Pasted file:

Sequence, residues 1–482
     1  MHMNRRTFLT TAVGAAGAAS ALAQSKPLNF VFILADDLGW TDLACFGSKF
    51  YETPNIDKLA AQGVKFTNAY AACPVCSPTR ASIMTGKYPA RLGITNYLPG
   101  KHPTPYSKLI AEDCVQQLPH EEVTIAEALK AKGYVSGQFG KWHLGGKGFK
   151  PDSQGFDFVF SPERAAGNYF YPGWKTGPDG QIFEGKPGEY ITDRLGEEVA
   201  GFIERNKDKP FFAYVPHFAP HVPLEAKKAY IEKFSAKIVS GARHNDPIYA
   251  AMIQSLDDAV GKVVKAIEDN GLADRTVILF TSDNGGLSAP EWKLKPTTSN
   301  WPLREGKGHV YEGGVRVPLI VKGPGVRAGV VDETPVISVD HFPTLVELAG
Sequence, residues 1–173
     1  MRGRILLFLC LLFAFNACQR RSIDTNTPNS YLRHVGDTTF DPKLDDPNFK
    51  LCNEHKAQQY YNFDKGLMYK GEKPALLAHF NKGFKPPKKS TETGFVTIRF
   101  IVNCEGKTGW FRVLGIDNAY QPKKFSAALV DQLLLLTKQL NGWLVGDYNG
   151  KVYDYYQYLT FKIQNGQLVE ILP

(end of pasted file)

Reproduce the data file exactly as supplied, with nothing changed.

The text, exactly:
Sequence, residues 1–482
     1  MHMNRRTFLT TAVGAAGAAS ALAQSKPLNF VFILADDLGW TDLACFGSKF
    51  YETPNIDKLA AQGVKFTNAY AACPVCSPTR ASIMTGKYPA RLGITNYLPG
   101  KHPTPYSKLI AEDCVQQLPH EEVTIAEALK AKGYVSGQFG KWHLGGKGFK
   151  PDSQGFDFVF SPERAAGNYF YPGWKTGPDG QIFEGKPGEY ITDRLGEEVA
   201  GFIERNKDKP FFAYVPHFAP HVPLEAKKAY IEKFSAKIVS GARHNDPIYA
   251  AMIQSLDDAV GKVVKAIEDN GLADRTVILF TSDNGGLSAP EWKLKPTTSN
   301  WPLREGKGHV YEGGVRVPLI VKGPGVRAGV VDETPVISVD HFPTLVELAG
Sequence, residues 1–173
     1  MRGRILLFLC LLFAFNACQR RSIDTNTPNS YLRHVGDTTF DPKLDDPNFK
    51  LCNEHKAQQY YNFDKGLMYK GEKPALLAHF NKGFKPPKKS TETGFVTIRF
   101  IVNCEGKTGW FRVLGIDNAY QPKKFSAALV DQLLLLTKQL NGWLVGDYNG
   151  KVYDYYQYLT FKIQNGQLVE ILP